Norwegian researchers detect cancer risk in unborn children

Pregnant chromosomal defectsPregnant woman. Photo:

Researchers at Haukeland University Hospital have found a recurrence that, already at the foetal stage, can show increased risk of ovarian cancer.
This could lay the foundation for new cancer treatments in the future, wrote VG newspaper.

7% of all girls showed a recurrence that gives two to three times the risk of ovarian cancer in adulthood, showed research discovered by Professor Per Eystein Lønning, and colleague Stian Knappskog, at Mohn Cancer Research Laboratory at Haukeland.

‘It is unlikely that such mechanisms only operate in ovarian cancer.

The research thus gives a new perspective when it comes to understanding cancer risk’, explained Lønning.

Researchers at Radium Hospital and NTNU have also contributed to the study, which included more than 6,000 women. It has received support from, among others, the Cancer Society, and was published on Tuesday in ‘Annals of Internal Medicine’, one of the world’s leading medical journals.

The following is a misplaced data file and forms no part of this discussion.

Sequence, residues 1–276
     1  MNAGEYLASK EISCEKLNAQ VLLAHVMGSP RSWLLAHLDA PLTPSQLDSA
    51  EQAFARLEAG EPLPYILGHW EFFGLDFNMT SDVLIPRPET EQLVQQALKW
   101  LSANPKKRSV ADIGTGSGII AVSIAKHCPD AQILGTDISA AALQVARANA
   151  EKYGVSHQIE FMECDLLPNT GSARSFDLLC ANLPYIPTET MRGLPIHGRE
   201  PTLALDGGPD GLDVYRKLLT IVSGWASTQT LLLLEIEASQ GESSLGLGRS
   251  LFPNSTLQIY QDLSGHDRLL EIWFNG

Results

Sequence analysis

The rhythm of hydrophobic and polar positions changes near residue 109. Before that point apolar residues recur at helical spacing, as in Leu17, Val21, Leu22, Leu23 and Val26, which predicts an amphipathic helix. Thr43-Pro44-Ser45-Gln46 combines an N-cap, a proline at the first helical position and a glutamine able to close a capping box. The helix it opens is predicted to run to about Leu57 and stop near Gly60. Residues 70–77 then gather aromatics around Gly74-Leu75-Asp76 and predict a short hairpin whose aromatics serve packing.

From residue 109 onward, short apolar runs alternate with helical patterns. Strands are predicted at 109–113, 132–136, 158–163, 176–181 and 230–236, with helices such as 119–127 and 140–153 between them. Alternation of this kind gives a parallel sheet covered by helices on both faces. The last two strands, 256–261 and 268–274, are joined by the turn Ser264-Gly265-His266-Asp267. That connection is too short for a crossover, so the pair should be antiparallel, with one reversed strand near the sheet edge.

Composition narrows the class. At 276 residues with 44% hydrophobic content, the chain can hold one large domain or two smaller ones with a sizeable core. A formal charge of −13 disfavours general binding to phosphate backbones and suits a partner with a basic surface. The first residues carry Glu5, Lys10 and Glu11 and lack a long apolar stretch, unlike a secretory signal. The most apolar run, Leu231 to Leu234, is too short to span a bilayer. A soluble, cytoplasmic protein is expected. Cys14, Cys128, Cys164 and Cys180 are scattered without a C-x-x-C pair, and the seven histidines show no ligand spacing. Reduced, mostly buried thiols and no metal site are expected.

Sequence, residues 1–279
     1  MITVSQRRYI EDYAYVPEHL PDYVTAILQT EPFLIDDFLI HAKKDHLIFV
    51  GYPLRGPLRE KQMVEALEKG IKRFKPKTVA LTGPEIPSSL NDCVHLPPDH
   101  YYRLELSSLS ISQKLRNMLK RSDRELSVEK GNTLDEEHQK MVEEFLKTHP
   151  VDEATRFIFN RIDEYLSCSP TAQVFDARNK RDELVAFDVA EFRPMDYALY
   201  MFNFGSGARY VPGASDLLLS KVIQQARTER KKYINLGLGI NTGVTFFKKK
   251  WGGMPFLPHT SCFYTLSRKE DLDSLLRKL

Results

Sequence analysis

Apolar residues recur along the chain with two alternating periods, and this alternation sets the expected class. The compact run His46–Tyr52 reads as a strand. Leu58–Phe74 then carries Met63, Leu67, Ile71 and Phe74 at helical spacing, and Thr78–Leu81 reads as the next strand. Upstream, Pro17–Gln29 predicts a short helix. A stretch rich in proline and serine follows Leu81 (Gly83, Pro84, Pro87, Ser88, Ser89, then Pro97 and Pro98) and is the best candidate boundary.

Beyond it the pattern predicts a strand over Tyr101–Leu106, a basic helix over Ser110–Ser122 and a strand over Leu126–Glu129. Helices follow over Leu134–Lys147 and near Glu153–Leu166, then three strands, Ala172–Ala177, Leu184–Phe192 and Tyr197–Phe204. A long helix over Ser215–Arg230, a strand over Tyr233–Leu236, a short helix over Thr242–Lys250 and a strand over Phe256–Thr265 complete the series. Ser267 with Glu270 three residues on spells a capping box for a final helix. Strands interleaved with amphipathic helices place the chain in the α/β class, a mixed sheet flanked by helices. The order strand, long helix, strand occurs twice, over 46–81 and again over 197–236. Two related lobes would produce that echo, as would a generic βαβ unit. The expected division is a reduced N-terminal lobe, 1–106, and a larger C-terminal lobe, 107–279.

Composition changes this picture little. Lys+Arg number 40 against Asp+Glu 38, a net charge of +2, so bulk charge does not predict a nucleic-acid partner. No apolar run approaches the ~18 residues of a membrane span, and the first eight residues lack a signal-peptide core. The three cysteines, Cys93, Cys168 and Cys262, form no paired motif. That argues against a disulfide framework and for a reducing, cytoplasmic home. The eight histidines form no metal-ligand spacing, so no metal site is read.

The researchers at Haukeland have concentrated on the breast type 1 gene, also called BRCA1. They found a new type of defect in the gene, which in some cases can be detected in the foetus.

Ovarian cancer is one of the ten most common forms of cancer among women in Norway. Symptoms are vague, making the disease difficult to detect, wrote VG newspaper.


© NTB Scanpix / Norway Today